Trichuris dysentery syndrome, the neglected tropical disease: a case series

  • Yulia Fatma Wardani Department of Child Health, Faculty of Medicine, Public Health, and Nursing, Universitas Gadjah Mada, Yogyakarta, Central Java
  • Ida Safitri Laksono Department of Child Health, Faculty of Medicine, Public Health, and Nursing, Universitas Gadjah Mada, Yogyakarta, Central Java
  • Teti Adriana Lubis Scholoo Keyen Hospital, Sorong Selatan, Papua Barat
Keywords: trichuris dysentery syndrome; tropical disease; soil transmitted helminths; bloody diarrhea, iron deficiency anemia


Almost 2 billion people, about a quarter of the world’s population, are infected with soil-transmitted helminths (STH) worldwide. Approximately 270 million preschool children and more than 550 million school-age children live in areas of extensive parasite transmission.1,2 Indonesia is a moderate-to-high-risk area of STH, with an overall mean prevalence of 28.12%. However, the prevalence in Papua is higher.3 A study reported that 50% of school-aged children in Jayapura, Papua, a high-risk area, suffered from STH, with distributions of 48.5% Ascaris lumbricoides, 28.6% Trichuris trichiura, 14.3% hookworm, and 8.6% mixed infection.4 


1. WHO. Guideline: Preventive chemotherapy to control soil-transmitted helminth infections in at-risk population groups. Geneva: World Health Organization; 2017
2. Schulz JD, Moser W, Hürlimann E, Keiser J. Preventive chemotherapy in the fight against soil-transmitted helminthiasis: achievements and limitations. Trends Parasitol. 2018;34:590–602. DOI: 10.1016/
3. Badan Litbangkes Kemenkes RI. Laporan Nasional RISKESDAS 2017. Jakarta: Kemenkes RI; 2017.
4. Martila M, Sandy S, Paembonan N. Hubungan higiene perorangan dengan kejadian kecacingan pada murid SD Negeri Abe Pantai Jayapura. J Plasma. 2016;1:87–96. DOI : 10.22435/plasma.v1i2.4538.87-96.
5. Kaminsky RG, Castillo RV, Flores CA. Growth retardation and severe anemia in children with Trichuris dysenteric syndrome. Asian Pac J Trop Biomed. 2015;5:591–7. DOI: 10.1016/j.apjtb.2015.05.005.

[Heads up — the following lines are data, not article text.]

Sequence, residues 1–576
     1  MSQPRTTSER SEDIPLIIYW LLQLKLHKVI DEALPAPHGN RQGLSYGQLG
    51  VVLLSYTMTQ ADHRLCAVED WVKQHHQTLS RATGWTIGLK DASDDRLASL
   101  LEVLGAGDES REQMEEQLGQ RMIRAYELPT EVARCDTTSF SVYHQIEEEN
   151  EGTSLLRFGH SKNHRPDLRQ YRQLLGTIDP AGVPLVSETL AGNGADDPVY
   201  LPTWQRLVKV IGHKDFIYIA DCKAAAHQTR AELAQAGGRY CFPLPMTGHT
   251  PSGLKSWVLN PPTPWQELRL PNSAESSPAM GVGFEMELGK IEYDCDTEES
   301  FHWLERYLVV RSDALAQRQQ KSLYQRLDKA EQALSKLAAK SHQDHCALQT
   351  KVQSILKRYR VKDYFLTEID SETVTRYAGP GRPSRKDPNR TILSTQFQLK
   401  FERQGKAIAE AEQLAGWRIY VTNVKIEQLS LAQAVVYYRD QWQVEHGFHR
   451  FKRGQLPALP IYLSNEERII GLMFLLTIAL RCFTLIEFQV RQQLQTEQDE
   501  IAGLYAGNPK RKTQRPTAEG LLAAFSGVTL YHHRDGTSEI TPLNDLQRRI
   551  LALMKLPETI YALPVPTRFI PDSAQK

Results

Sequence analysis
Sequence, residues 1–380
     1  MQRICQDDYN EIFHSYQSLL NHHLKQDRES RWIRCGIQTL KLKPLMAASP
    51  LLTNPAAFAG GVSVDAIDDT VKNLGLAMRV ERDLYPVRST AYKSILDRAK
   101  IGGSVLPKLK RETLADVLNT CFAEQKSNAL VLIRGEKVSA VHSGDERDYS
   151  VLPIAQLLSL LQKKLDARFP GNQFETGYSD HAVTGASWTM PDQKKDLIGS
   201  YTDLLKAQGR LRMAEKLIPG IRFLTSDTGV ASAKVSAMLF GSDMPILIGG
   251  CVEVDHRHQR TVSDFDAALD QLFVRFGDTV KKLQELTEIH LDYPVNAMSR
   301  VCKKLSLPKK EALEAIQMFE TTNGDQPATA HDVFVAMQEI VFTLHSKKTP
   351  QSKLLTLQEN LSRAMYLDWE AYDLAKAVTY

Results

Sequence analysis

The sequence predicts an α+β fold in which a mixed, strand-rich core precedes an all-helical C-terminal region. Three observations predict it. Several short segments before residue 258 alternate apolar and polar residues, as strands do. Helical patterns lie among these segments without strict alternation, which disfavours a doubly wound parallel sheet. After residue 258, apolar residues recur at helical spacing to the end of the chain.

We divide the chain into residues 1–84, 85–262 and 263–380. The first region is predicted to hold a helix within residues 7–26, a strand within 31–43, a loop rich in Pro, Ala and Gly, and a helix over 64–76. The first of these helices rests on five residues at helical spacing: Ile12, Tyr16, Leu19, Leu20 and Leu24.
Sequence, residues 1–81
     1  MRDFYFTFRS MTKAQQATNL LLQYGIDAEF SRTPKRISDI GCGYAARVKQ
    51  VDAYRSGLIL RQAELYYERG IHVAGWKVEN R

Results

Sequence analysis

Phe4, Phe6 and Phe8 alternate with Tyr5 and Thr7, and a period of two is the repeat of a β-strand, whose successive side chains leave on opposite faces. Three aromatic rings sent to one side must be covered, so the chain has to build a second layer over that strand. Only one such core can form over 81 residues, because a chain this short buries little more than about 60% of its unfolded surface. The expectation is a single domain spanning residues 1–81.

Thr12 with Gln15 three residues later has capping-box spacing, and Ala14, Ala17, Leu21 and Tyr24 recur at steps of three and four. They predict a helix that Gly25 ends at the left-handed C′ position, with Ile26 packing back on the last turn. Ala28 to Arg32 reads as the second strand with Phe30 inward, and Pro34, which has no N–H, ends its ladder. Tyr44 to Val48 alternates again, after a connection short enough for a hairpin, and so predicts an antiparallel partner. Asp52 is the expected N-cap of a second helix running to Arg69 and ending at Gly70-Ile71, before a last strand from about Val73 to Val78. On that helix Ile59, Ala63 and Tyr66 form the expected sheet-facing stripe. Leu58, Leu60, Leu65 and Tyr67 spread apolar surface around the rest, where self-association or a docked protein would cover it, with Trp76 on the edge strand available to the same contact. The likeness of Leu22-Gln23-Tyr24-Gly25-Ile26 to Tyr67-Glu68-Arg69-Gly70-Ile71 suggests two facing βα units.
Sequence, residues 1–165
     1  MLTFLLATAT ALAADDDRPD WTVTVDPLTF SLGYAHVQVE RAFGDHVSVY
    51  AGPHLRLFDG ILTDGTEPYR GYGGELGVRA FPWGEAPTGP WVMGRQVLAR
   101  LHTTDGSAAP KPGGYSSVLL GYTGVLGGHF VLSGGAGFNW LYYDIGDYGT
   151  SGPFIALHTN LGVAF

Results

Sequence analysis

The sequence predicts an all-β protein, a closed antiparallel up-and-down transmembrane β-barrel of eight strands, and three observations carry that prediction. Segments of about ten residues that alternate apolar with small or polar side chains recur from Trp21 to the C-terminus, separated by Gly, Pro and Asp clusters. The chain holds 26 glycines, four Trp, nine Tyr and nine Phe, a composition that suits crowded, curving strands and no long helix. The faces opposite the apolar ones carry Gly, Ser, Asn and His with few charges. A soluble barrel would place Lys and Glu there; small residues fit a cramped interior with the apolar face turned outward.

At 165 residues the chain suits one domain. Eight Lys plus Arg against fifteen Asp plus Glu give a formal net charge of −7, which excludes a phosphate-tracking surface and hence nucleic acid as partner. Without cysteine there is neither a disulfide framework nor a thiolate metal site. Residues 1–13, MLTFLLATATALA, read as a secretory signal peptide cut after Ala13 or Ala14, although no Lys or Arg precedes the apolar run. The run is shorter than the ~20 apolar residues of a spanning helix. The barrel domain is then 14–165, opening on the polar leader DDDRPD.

6. Noorizan AM, Raj SM. Trichuris dysentery syndrome?: evidence that it may be underdiagnosed in Kelantan. Med J Malaysia. 2001;56:53–7. PMID: 11503297.
7. Khuroo MS, Khuroo MS, Khuroo NS. Trichuris dysentery syndrome?: a common cause of chronic iron deficiency anemia in adults in an endemic area (with videos). Gastrointest Endosc. 2010;71:200–4. DOI: 10.1016/j.gie.2009.08.002.
8. Brooker SJ. Soil-transmitted helminth treatment: multiple drug regimens. Lancet Infect Dis. 2018;18:698–9. DOI: 10.1016/S1473-3099(18)30268-8.
9. WHO Working group on Soil-transmitted helminthiasis. Monitoring anthelmintic efficacy for soil transmitted helminths (STH). 2008. (cited 2020 February 20) Available from:
10. Agarwal A. Pica- an enigma of malnutrition. J Nutr Disord Ther. 2017;07:7–8. DOI: 10.4172/2161-0509.1000e132.
11. WHO. WHO Global Nutrition Targets 2025: Stunting Policy Brief [Internet]. Genewa, Swiss; 2014 [cited 2019 Jun 27]. Available from:
12. Anto EJ, Nugraha SE. Efficacy of albendazole and mebendazole with or without levamisole for ascariasis and trichuriasis. Open Access Maced J Med Sci. 2019;7:1299–302. DOI: 10.3889/oamjms.2019.299.
13. Knopp S, Mohammed KA, Speich B, Hattendorf J, Khamis IS, Khamis AN, et al. Albendazole and mebendazole administered alone or in combination with ivermectin against Trichuris trichiura: a randomized controlled trial. Clin Infect Dis. 2010;51:1420–8. DOI: 10.1086/657310.
How to Cite
Wardani Y, Laksono I, Lubis T. Trichuris dysentery syndrome, the neglected tropical disease: a case series. PI [Internet]. 11Oct.2022 [cited 30Nov.2023];62(6):430-. Available from:
Case Report
Received 2021-01-25
Accepted 2022-10-11
Published 2022-10-11